February 23, 2021
IntelBrief: Biden Moves Forward on Iran Nuclear Agreement?
Bottom Line up Front
- The Biden Administration has formally agreed to a diplomatic process to revive U.S. participation in the 2015 multilateral Iran nuclear agreement.
- The US Administration’s stance overrules those pushing for a new agreement addressing a broader range of objectionable Iranian behavior.
- The US announced a few confidence-building measures to demonstrate Washington’s willingness to resume adhering to the accord.
- Still defiant but reeling from the economic pressure of U.S. sanctions, Iranian leaders will likely eventually welcome the diplomatic overtures.
In discussions with European and other world leaders on February 18-19, President Biden and his foreign policy team formally welcomed the start of a diplomatic process to rejoin the 2015 multilateral Iran nuclear deal that the Trump administration exited in May 2018. The State Department announced that the United States “would accept an invitation from the European Union High Representative to attend a meeting of the P5+1 [all the original parties to the agreement: the United States, United Kingdom, France, Germany, Russia, and China] and Iran to discuss a diplomatic way forward on Iran's nuclear program." If the proposed meeting is held, the Biden administration would presumably be represented by its newly appointed Iran Envoy, Rob Malley.
The US Administration’s statements represented the first clear indication since President Biden took office that the United States would re-enter the existing agreement rather than press for a new accord that addresses a broad range of Iranian behavior. Several national security experts, and many in the U.S Congress, including some Democrats, had opposed the 2015 deal for excluding binding limitations on Iran’s development of ballistic missiles and, perhaps even more significantly, its support for armed factions and proxies in the region. These critics had called on President Biden to use the economic leverage provided by the Trump administration’s “maximum pressure” strategy to try to compel Iran to include concessions on these issues in a revised agreement. The decision to move forward appeared to reflect two conclusions reached by the Biden team. First, that Iran would likely implement its threats to further violate the terms of the accord unless the United States rejoined the deal. Second, Tehran would not accede to any U.S. demands to include limitation on its missile program and its regional operations in a revised agreement. The Administration maintains that broader issues can be addressed in “follow-on” negotiations after the original agreement is restored to full implementation by all parties.
Yet, the diplomatic pathway to a full restoration of the Joint Comprehensive Plan of Action (JCPOA) will be arduous. Iran did not immediately accept the meeting, instead repeating long-held positions that the United States must lift economic sanctions before Iran would come back into compliance. Iran’s Foreign Minister Mohammad Javad Zarif reiterated that, in line with legislation enacted by Iran’s parliament in December, Iran would begin limiting International Atomic Energy Agency (IAEA) access to its nuclear facilities beginning February 23. The Iranian statements appeared to ignore a February 18 joint statement of the United States and the three European countries in the nuclear agreement (United Kingdom, France, and Germany) urging Iran not to “take any [threatened] additional steps...to limit IAEA access [to Iran’s nuclear facilities…and to] consider the consequences of such grave action, particularly at this time of renewed diplomatic opportunity.” It might consequently be difficult for U.S. officials to find a formula to satisfy Iran that a future U.S. administration could not once again decide to abrogate the accord even if Iran is fully complying. This level of uncertainty is likely to affect a number of international relationships, as traditional allies were often sidelined by the Trump administration in favor of seemingly warmer ties with authoritarian leaders.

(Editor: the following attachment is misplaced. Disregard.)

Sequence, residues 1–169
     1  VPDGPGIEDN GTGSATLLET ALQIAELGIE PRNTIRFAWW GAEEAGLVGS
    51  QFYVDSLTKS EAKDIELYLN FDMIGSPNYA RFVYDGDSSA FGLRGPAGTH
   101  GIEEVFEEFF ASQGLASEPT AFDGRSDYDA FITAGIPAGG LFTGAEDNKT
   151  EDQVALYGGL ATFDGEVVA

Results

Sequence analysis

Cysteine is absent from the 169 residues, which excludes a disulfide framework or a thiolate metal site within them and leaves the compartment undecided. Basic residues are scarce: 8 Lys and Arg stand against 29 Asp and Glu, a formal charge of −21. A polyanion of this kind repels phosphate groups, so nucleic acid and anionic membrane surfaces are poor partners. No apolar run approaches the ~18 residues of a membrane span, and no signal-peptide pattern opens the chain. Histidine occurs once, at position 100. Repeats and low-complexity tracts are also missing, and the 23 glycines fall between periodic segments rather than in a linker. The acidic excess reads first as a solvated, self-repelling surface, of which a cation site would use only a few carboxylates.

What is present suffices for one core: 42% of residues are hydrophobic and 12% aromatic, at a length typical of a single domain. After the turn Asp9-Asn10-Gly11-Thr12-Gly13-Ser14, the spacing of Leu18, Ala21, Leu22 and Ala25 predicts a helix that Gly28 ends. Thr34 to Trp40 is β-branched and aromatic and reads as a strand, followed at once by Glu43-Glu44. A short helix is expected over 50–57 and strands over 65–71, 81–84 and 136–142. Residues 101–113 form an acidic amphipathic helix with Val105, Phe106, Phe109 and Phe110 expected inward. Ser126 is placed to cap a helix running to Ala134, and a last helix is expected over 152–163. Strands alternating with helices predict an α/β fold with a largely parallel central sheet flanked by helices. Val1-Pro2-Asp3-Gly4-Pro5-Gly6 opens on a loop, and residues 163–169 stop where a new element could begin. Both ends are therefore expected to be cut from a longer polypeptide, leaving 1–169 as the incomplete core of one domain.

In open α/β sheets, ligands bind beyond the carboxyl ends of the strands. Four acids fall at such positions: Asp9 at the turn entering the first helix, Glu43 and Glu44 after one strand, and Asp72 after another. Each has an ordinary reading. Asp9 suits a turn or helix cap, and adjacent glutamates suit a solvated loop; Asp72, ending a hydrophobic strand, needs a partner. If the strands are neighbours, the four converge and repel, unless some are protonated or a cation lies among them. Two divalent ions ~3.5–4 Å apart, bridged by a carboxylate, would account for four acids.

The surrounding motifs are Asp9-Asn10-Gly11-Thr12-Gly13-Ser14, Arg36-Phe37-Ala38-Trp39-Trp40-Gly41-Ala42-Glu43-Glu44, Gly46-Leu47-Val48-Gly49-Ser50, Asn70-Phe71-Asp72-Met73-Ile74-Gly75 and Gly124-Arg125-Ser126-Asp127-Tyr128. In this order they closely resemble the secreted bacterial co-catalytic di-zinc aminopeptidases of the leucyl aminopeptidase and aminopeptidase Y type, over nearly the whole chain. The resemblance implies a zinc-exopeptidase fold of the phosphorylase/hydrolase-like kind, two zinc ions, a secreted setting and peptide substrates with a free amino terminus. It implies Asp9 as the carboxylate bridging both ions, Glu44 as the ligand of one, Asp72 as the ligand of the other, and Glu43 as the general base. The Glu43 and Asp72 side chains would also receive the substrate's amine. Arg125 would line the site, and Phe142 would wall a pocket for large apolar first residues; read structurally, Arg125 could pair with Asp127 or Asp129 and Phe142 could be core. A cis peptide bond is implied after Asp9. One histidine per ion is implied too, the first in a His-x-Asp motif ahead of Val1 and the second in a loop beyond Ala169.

Yet, European and other observers assessed that Iran would likely eventually agree to resuming diplomacy, and to a restoration of the agreement. U.S. sanctions have unquestionably put pressure on Iran’s economy. Iranian leaders undoubtedly recognize that rebuffing the Biden administration’s attempts to come back into the pact would further them internationally. Iran’s Supreme Leader Ali Khamene’i has issued pronouncements supporting an Iranian return to compliance with the nuclear restrictions of the deal if the United States resumes implementing the agreement, including the lifting of sanctions. Iranian leaders continue to assert that all of Iran’s violations of the accord are “reversible.”
Concurrent with its offers of diplomacy, the Biden administration undertook a few confidence-building measures to try to overcome Iran’s distrust and persuade it to attend the proposed talks, though none of which eased any U.S. economic sanctions. The State Department lifted the additional travel restrictions on Iranian diplomats serving on U.S. territory (mainly at the Iran Mission to the United Nations in New York), imposed by the Trump administration. And, the United States formally rescinded the September 2020 Trump administration assertion that all U.N. sanctions were back in effect due to Iranian breaches of the agreement. The latter measure is largely symbolic because the other members of the United Nations Security Council, including close allies like the UK and France, opposed the U.S. “sanctions snap back” assertion. The snap back issue and other possible confidence building measures, both U.S. and Iranian, as well as the possible pathways for U.S.-Iran diplomacy, are analyzed in The Soufan Center report: “A Way Forward With Iran? Options for Crafting a U.S. Strategy,” released early on February 18.